What follows is Loni's excellent advice on finding, forming, and maintaining a writing group:
Last week, Liz brought up the topic of writing groups, and how much she’d love to find one.
As my buddy Jim mentioned on my blog a few weeks back, I do have one of those groups. In fact, I'm the one that started it because I couldn't find anything that matched what I wanted in a group. I didn't want casual come-if-you-can-and-we'll-do-whatever, which at the time was all the Idaho Writer's Guild offered.
Jim is actually the critique group manager guy for the guild. He keeps track of all of the different groups, so that when someone comes to the guild, he can point them in the right direction. I'm not part of the guild, since I can't justify paying for meetings and conferences that I can't attend because of work and family. But I know enough people on the board to be dangerous. ;) That being said, if you have a local writer's guild, check there first because they may have something you're looking for.
Since the guild didn't have something I wanted, I made my own. It started with NaNoWriMo. Me and a couple of friends met every Friday morning for "write-ins" (drinking coffee and chatting a lot) during November. After November ended, we created a Facebook group that local people could join and stay in contact beyond the NaNo forums. I posted a question to the group to see if anyone would be interested in starting up a critique group. I knew I wanted a limited number of people because big groups are hard to manage when it comes to scheduling, plus you lose some of the intimacy. I got a couple of bites from people I hadn't met yet, and some interest from a few I had.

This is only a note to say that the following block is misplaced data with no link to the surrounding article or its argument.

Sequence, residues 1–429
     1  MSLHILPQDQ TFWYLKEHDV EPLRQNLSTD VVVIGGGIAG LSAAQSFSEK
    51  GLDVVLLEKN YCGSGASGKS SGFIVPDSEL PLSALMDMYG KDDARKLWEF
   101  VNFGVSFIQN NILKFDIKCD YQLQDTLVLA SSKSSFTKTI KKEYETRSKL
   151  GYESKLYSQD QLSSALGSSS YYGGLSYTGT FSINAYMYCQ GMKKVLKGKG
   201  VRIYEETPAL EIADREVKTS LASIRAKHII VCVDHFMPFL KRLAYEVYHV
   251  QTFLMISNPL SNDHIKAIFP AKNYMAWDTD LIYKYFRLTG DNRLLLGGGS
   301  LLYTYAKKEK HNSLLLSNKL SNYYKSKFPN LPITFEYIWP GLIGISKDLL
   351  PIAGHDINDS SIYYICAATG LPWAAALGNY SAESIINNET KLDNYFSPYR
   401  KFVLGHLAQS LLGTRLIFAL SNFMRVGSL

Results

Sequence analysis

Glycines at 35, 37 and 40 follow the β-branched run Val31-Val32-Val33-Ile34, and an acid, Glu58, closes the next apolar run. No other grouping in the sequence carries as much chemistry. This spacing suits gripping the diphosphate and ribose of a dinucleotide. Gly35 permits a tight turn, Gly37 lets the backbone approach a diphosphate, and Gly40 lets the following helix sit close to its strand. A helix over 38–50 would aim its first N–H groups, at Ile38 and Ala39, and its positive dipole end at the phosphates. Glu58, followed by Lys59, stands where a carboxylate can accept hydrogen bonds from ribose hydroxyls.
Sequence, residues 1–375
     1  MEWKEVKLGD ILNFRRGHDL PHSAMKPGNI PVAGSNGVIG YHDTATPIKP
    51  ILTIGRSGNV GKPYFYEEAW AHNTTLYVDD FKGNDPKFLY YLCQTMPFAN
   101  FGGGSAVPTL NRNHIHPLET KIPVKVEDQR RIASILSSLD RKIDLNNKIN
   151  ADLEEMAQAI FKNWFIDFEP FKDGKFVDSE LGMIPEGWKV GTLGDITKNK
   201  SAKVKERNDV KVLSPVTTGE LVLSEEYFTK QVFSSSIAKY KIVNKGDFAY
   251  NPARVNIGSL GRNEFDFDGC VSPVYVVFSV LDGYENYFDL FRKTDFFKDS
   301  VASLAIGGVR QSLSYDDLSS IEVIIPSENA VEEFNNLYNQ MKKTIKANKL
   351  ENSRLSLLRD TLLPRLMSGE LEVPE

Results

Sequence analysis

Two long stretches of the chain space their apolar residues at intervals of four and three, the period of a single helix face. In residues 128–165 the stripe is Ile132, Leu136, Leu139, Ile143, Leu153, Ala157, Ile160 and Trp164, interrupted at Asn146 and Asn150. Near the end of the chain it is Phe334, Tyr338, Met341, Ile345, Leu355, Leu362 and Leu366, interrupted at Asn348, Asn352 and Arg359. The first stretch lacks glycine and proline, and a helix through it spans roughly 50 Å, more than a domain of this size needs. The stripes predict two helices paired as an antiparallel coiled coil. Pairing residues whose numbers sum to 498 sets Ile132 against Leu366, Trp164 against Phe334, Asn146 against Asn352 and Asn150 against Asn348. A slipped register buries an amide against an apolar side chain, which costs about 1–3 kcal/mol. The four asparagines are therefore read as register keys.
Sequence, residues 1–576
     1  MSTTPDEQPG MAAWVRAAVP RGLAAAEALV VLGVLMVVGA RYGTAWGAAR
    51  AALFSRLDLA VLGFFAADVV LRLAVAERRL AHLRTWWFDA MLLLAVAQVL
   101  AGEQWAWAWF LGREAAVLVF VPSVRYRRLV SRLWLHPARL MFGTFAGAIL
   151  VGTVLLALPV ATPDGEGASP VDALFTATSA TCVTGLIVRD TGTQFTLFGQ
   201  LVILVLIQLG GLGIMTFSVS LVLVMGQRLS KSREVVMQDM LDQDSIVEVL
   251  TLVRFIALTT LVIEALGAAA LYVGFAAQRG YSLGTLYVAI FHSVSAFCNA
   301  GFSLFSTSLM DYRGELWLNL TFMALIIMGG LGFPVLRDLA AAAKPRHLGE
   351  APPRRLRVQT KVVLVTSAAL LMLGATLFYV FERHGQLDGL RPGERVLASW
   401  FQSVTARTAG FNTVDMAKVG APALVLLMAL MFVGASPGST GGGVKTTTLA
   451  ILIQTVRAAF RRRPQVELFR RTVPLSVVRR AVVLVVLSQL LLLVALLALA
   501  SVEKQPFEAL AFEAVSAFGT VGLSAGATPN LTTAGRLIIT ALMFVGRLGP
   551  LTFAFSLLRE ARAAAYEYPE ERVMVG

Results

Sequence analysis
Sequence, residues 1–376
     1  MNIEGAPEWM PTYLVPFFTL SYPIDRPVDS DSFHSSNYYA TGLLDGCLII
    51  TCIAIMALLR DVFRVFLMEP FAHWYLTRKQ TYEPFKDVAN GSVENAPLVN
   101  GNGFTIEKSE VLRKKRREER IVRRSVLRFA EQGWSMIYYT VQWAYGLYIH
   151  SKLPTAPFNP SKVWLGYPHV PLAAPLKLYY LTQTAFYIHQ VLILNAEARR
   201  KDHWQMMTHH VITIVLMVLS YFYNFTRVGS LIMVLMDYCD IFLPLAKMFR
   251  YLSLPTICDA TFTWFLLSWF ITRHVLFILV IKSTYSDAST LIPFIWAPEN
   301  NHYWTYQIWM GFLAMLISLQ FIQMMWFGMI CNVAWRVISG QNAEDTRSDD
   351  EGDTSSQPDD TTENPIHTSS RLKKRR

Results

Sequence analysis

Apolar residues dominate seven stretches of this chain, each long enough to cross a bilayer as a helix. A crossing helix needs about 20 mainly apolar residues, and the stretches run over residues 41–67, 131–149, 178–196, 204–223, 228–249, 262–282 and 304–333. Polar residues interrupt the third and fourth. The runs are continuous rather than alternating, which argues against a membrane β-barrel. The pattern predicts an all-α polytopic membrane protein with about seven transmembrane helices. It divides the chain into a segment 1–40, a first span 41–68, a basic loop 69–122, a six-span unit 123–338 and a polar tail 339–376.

I ended up limiting it to 12 because the closest library had a meeting room that sat 12 and was free to reserve.
Then I sat down and wrote the expectations and guidelines for what I wanted. Here's a look into those guidelines:
Treasure Valley Critiquers is a group aimed to provide constructive criticism to group participants. It is a community where writers can go to gain honest feedback about a segment of their work.
- Meetings will take place every two weeks
- Sharing will take place on a round-robin schedule.
- One member will share per scheduled 60 minutes. If more than 60 minutes is scheduled, then more than one member will share.
- The scheduled sharer will email their work to the other members, or place it in the appropriate Dropbox folder, 10-14 days before their scheduled share date and indicate genre.
- The shared segment will consist of approximately 5,000 words or less.
- Critiquing members will have feedback compiled prior to meeting start (either physically or electronically).
- Sharing author will remain silent during the discussion.
- Critiquing members will discuss the work with the author present, but not directly address the author.
- First time attendees must participate in critiquing another member’s work before they are added to the schedule.
- Criticism is more than just grammar.
- Topics covered will include:
- Entertainment Value – If a short story, was it satisfactory? If part of a bigger story, would you continue reading?
- Be courteous. It is fine to dislike another person’s writing or work and to voice that opinion, but refrain from cruel or mean-spirited feedback. Comments such as “It sucked” are inappropriate. If you come bearing a complaint, be prepared to provide a suggestion on how the piece can be improved.
- Keep an open mind. People are allowed to have opinions. Whether you are giving feedback or receiving it, not everyone comes from the same background. Some people may and will have different moral foundations. Even if you disagree with someone else’s opinion, discuss your reasons civilly.
- If you are the sharing author: once your time has started, you are done talking. Refrain from defending or commenting on or even clarifying any of the details within your work. You are there to listen. Your readers will not have you there to answer all their questions once you publish, so if something is misunderstood, then it may need to be rewritten.